Butch Welsch

Those air conditioners in your warehouse are about to become pumpkins. Well, maybe not pumpkins, but about as worthwhile. Not long after Halloween this year, those R-22 air conditioners will no longer be made. I certainly hope you have taken steps in your company to prepare for the conversion to R-410A.

All of us in the industry have had plenty of time to prepare for this change, but I’m concerned that just like the conversion to 13 SEER from 10 SEER a few years ago, despite all of the press and articles, we again will not be ready. Why is it that for major changes in our industry we are like our kids who wait and do Monday’s homework at 10 p.m. Sunday?

Fortunately, it’s not quite Sunday night yet, and we have a little bit of time to prepare for the change. I know that many of you, especially you “Replacement only” contractors, have been specializing in R-410A for some time. However, many of the rest of us, especially those doing new construction, have had difficulty making the conversion.

While it has seemed so natural that the builders should start having us utilize the R-410A units, we for one have had difficulty getting them to pay the relatively small difference to let us convert. Despite our pleas that they are having us install a unit that will be obsolete in less than a year, it has been difficult to get them to make the change. All of us in the new residential market need to keep appealing to our customers to let us put in the units that are proper for the times.

In the replacement market, it is probably even more important because you are dealing directly with the customer. If you don’t install the most up-to-date, R-410A equipment, regardless of its SEER level, you are doing that customer a great disservice. It has been my experience that not doing the right thing for the customer will come back to haunt you. And speaking of doing the right things, are you properly installing the new R-410A units?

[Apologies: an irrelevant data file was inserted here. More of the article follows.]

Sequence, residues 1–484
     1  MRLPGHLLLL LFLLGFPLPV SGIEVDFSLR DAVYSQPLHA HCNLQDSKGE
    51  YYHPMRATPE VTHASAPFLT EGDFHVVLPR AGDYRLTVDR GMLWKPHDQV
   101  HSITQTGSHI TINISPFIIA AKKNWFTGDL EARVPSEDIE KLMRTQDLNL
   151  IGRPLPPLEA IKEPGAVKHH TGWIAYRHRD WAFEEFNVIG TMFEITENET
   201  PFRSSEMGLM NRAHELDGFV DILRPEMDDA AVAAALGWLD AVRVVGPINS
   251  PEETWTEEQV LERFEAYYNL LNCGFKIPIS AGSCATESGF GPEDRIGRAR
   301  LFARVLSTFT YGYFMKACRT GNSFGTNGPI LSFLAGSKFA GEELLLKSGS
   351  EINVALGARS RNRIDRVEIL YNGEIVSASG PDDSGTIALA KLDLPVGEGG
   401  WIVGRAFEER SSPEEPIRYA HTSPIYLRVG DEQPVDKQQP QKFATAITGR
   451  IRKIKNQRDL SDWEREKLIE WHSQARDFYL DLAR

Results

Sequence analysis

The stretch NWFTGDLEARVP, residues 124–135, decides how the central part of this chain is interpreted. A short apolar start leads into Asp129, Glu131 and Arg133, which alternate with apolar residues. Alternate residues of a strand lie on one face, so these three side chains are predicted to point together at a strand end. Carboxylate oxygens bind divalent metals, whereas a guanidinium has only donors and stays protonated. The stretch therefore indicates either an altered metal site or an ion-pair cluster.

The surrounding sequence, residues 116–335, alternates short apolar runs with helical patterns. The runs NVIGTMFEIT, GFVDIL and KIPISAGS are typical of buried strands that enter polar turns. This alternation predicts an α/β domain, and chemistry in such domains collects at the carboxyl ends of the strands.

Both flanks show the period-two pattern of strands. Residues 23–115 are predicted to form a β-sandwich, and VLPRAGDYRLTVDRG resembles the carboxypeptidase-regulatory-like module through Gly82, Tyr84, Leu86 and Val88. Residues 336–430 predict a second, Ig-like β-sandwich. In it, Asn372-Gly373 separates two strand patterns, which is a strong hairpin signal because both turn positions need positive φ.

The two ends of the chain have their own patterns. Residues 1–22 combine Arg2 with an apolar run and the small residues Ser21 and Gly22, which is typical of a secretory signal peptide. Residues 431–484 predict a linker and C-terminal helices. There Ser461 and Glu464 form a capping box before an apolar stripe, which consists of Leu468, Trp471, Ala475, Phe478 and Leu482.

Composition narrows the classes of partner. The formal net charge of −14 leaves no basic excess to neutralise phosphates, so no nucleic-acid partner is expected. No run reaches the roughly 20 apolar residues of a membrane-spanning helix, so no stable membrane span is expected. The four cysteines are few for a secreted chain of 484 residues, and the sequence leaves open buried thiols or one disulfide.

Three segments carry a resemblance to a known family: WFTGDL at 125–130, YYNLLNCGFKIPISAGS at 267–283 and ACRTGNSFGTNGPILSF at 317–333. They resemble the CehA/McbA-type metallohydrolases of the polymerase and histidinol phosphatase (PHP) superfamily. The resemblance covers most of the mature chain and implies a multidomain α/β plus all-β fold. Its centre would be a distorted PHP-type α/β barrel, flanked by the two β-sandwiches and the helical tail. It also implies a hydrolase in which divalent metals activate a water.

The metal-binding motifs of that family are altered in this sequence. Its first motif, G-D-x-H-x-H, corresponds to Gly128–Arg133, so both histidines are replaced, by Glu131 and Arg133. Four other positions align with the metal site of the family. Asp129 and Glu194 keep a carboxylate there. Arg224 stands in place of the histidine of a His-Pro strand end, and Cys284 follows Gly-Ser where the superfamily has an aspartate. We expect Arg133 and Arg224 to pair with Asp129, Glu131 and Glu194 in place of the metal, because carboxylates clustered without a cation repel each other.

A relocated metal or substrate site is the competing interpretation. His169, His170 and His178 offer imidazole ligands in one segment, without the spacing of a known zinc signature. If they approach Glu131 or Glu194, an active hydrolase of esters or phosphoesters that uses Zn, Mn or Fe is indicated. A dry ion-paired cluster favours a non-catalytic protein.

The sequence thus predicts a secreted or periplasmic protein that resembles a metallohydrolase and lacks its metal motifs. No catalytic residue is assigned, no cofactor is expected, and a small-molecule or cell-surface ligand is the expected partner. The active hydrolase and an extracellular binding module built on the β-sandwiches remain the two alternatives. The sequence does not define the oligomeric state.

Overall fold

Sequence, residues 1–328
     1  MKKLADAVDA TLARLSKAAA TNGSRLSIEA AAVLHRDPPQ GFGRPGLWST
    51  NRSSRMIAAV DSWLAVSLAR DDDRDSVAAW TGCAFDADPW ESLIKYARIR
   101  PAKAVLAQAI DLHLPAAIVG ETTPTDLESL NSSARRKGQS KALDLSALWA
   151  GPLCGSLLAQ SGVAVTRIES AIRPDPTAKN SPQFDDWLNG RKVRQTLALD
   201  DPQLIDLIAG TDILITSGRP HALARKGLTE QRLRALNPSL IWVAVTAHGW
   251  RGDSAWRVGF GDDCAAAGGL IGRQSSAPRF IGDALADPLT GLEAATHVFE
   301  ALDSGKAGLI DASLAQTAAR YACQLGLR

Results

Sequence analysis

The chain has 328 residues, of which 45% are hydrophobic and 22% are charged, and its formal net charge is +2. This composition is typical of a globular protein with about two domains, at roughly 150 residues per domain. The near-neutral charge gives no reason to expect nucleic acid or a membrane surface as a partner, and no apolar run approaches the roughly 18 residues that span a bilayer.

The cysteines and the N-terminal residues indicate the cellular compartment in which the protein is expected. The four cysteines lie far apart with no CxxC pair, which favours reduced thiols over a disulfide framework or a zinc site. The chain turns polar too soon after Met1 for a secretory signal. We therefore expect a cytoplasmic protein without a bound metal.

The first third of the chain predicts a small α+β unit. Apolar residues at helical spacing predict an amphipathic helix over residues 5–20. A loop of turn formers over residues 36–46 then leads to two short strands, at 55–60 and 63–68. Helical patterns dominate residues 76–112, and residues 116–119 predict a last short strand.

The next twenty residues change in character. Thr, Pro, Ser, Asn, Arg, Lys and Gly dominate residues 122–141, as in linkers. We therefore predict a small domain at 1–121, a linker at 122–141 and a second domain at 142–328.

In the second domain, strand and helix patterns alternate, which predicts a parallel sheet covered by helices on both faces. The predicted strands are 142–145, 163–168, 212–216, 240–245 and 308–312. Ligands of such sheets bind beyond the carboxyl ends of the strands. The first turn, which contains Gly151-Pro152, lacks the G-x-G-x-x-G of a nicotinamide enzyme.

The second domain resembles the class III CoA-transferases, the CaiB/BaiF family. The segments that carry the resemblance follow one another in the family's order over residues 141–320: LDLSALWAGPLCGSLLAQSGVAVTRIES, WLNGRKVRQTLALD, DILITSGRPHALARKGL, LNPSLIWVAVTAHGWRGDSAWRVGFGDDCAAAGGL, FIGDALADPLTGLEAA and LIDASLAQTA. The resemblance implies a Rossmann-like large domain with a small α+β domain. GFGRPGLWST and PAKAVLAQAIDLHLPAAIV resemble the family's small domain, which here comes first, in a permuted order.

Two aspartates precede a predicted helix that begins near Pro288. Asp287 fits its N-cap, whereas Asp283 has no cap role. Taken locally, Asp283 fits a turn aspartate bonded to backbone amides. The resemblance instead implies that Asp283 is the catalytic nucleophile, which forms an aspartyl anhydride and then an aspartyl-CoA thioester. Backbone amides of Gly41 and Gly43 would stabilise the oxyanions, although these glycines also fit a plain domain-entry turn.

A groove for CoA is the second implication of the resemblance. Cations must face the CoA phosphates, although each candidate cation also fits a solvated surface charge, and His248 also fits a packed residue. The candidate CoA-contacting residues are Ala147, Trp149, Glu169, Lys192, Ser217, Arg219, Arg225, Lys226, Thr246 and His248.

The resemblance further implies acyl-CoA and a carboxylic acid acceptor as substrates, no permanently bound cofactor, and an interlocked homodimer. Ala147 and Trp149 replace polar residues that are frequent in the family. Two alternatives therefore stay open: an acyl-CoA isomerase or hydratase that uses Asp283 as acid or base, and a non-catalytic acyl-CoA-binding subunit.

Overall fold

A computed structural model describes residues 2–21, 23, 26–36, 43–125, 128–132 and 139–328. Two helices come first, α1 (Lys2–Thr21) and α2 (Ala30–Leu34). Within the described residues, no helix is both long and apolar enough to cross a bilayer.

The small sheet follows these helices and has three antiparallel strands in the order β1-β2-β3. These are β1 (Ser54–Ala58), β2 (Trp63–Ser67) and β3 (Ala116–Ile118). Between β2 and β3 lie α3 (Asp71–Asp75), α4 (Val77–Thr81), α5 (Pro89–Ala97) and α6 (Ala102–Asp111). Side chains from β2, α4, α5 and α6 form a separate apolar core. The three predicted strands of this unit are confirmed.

You should be changing out the evaporator coil on every installation. Also, if the refrigerant lines are accessible, you should be replacing them as well. If the lines are enclosed in a ceiling, soffit, or similar location, and you are unable to change them, then the lines need to be thoroughly flushed out with R-11 flush or equivalent in order to remove all traces of the refrigerant oil.

That leads to an interesting dilemma, which we have encountered. Over the years we have installed many 1-1/2- and 2-ton units in apartments and condos using what were properly sized 5/8-inch and 1/4-inch refrigeration lines. Typically those line sets ran above the ceiling from an interior equipment room to the condensing unit outside. Those lines are not accessible. Now we are told we should not install any R-410A unit on a 1/4-inch liquid line set.

Our company has always tried to quote and do things the proper way, even if that meant at times losing a job to an unscrupulous contractor who was willing to do the job the wrong way just to make a quick buck. Now we come to this situation where it is very hard to do the exact right thing. I can tell you that right now in these situations we are replacing the unit with a new R-22 unit - attempting to delay the problem for hopefully at least 10 years or so.

I’m curious to know what some of you other contractors are doing and also what your manufacturers are recommending that you do. To replace a set of refrigeration lines buried in a ceiling and wall is not only a very disturbing situation for the owner, but is very costly as well. Do any of you have any solutions that we can pass on to our readers to help with this issue? Please contact me and let me know. In the meantime, the first of 2010 is just a few months away and we all need to be prepared for the R-410A conversion.

Publication date:07/20/2009